June 25, 2024

Sunday was Fathers’ Day, and there is nothing Dads love more than grilling out. The documentary Korean Pork Belly Rhapsody  on Netflix takes this passion to a new level. The most important thing to know is that when it comes to pork, Koreans are absolutely not playing around. The first part of the two-part documentary opens with cooking a two whole pigs in a pit that is filled with hot rocks and charcoal, covered with earth.  The pigs themselves are filled with potatoes, and seasoned with pine branches and mugwort. The cooks make a small hole, and then pour in water, which results in a geyser. As they describe it, it is a pressure cooker made out of dirt. According to the cooks, approximately 10 tons of firewood and 10 tons of rocks are involved.   


If this show had a thesis statement, it would 100% be “Koreans really like pork.” It is hosted by Korean food personality Baek Jong-won, and produced by KBS1, more or less the Korean PBS. The narration and dialogue is in Korean, with subtitles. Reading is a small price to pay for the way this documentary shifts a lot of the conventions that are embedded in most food documentaries in recent TV history. Many food related documentaries, inspired by Anthony Bourdain (RIP), begin with a trip to the airport, and a US personality reporting on the food they find in Cambodia, Australia, or Houston. Samin Nosrat’s Netflix show works like this, as does much of the TV David Chang has done. John T. Edge does similar in a Southeastern footprint. Regardless of how many air miles are involved, all of these documentaries are about celebrating what they cook in a place. What makes KPBR different is that it is someone telling us what we cook. It is a subtle difference, but it really animates the documentary. 

Most of all, Jong-won’s narrative is animated by a clear awareness that access to animal protein is not something Koreans take for granted. The pig, we learn, is a relatively recent addition to the diets of many Koreans, for some of whom beef represented an unattainable luxury. This regard for the pig manifests in the ways that we see people taking cooking pigs very seriously. If you are lucky, you have been to the kind of Korean restaurant that has a grill in the middle, where you can cook the cuts of raw meat the waiter brings you. KPBR visits one of the artisans who has devoted the last forty years of his life to designing and building the grills that go on top of that fire. As he explains this, the shape of the grill and even the type of iron used can have a big impact on the finished product.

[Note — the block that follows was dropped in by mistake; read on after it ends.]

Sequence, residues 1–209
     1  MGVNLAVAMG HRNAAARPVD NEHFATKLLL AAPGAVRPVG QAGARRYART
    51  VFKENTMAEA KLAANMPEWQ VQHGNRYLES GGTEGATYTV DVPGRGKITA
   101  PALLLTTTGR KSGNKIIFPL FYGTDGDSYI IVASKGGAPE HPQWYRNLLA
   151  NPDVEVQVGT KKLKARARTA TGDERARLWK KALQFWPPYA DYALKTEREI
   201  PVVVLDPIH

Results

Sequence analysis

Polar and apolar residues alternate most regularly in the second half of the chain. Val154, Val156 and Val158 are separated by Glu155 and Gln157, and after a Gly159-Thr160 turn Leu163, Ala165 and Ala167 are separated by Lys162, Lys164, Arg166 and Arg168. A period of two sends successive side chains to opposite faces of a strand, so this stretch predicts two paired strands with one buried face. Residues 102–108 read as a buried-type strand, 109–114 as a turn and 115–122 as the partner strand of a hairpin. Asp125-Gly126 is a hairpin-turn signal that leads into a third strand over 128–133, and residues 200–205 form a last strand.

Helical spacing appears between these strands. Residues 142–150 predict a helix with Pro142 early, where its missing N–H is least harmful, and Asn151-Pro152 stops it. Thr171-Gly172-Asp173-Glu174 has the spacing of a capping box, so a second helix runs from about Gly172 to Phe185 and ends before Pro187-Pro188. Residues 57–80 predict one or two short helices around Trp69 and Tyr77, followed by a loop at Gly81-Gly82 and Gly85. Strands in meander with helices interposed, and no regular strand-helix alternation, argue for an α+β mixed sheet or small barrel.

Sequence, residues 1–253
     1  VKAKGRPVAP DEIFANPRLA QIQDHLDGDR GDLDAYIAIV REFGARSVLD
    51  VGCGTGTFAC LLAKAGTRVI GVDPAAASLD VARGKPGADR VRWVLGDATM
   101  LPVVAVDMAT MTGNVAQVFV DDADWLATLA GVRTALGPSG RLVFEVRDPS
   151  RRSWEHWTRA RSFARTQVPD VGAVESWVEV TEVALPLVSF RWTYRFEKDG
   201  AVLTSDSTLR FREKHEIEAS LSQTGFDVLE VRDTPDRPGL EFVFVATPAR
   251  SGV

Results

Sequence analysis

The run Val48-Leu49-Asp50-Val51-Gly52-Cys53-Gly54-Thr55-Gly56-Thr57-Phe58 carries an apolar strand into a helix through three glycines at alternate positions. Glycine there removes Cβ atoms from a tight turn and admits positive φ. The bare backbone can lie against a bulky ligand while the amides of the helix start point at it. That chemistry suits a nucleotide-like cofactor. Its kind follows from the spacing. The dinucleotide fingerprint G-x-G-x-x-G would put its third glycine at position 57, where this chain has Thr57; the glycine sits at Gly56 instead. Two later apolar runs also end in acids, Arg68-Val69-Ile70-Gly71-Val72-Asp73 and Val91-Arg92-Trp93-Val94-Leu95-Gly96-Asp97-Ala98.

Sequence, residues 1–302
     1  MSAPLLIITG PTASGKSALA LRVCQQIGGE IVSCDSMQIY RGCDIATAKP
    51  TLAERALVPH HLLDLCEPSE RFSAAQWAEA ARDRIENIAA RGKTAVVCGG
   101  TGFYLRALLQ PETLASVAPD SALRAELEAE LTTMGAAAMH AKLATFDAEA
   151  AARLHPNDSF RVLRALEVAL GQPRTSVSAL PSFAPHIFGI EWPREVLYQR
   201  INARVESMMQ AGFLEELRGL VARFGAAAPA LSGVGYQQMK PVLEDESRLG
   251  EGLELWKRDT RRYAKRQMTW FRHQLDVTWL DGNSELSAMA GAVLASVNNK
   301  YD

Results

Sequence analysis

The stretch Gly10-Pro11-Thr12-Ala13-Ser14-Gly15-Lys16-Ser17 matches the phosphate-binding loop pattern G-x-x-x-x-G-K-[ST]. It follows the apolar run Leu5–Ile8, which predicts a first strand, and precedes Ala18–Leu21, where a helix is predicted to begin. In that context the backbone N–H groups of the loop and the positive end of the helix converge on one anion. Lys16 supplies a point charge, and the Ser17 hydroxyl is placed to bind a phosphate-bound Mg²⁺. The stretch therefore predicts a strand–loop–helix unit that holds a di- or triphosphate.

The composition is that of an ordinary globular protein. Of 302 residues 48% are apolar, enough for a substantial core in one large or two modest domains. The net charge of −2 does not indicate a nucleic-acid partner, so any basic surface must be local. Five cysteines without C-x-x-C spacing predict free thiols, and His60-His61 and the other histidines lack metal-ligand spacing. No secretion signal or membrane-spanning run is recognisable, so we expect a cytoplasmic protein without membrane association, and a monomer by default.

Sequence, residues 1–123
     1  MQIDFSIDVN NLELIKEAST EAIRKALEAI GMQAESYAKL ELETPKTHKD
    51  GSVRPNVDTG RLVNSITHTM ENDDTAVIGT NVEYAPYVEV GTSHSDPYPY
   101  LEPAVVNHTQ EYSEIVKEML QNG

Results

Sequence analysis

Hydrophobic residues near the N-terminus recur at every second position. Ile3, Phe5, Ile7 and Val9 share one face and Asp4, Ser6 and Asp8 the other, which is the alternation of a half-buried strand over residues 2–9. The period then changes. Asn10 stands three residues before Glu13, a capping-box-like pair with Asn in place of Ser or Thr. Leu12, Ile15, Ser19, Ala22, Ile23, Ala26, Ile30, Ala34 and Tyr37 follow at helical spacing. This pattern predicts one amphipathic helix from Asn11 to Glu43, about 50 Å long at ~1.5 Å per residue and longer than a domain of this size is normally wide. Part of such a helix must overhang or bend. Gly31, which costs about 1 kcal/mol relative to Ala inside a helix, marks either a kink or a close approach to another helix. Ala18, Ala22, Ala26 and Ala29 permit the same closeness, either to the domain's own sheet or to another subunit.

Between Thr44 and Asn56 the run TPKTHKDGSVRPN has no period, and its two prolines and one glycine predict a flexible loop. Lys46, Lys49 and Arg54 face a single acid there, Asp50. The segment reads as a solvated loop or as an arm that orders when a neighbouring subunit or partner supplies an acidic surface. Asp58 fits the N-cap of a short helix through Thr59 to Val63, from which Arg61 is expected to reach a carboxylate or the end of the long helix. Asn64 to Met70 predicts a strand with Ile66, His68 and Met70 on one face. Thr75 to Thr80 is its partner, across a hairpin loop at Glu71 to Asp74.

The delight of this documentary comes in the way it moves from subtle to completely off the chain. One moment, we are privy to an intense conversation concerning four-millimeter vs five-millimeter thickness for grilling pork belly, and the next moments we are grilling entire pork bellies on rocks that have been heated to 1,100 Fahrenheit with charcoal. The throughline is respect and regard for the pig. 

The documentary is in two parts of approximately forty-five minutes each, and the second part moves from a focus specifically on the belly to the other parts of the pig. We visit a restaurant that specializes in preparing cuts from the pig’s head in as many ways as possible. We learn a little bit about Sundae, which in this context is a blood sausage, not an ice cream treat. We visit another restaurant that has been serving and replenishing the same pigs’ feet broth for sixty years. Koreans take pigs seriously, and that means being serious about using the whole animal. Curiously for a US audience, the biggest challenge for Korean meat marketers is finding uses for the relatively lean hams and shoulders that are considered the choicest parts for Western consumers. 

The other major departure KPBR performs is that it honors tradition, even as it embraces innovation. Toward the close of the second episode, there is an intense focus on the ways that various cooks are working to butcher the pig in new ways. We meet pig farmers experimenting with feeding pigs quinoa, and the man whose life’s work was breeding a Berkshire cross adapted for Korean tastes.  

It would be malpractice not to mention the theme song, by Korean punk legends Crying Nut. It sounds like The Dropkick Murphys hit the Duolingo real hard. It does not appear to be on the band’s Spotify page, so you will have to watch the documentary if you want to hear the song. 

Jonathan Beecher Field was born in New England, educated in the Midwest, and teaches in the South. He Tweets professionally as @ThatJBF, and unprofessionally as @TheGurglingCod. He also sometimes writes for Avidly and Common-Place.


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